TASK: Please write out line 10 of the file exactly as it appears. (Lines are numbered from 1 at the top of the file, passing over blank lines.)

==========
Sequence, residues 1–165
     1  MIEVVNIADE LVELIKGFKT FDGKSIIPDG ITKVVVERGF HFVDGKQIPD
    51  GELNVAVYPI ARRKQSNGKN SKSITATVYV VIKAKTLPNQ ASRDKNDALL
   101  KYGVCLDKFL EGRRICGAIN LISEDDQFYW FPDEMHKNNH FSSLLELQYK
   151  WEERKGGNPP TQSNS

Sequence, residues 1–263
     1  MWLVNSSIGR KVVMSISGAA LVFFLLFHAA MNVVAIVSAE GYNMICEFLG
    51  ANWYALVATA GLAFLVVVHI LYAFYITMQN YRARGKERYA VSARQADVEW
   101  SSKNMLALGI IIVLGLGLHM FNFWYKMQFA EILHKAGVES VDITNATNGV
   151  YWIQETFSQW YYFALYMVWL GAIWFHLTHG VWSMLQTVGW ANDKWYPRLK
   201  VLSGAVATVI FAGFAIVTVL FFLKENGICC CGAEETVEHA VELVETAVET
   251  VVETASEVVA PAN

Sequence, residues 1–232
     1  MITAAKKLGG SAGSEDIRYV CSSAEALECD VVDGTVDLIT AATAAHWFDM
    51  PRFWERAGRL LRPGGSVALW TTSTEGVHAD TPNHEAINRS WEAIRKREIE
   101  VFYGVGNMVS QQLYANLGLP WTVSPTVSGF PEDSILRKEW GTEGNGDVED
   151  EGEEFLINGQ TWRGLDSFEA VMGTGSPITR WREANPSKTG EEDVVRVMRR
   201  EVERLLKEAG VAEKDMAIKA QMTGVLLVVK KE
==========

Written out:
   151  YWIQETFSQW YYFALYMVWL GAIWFHLTHG VWSMLQTVGW ANDKWYPRLK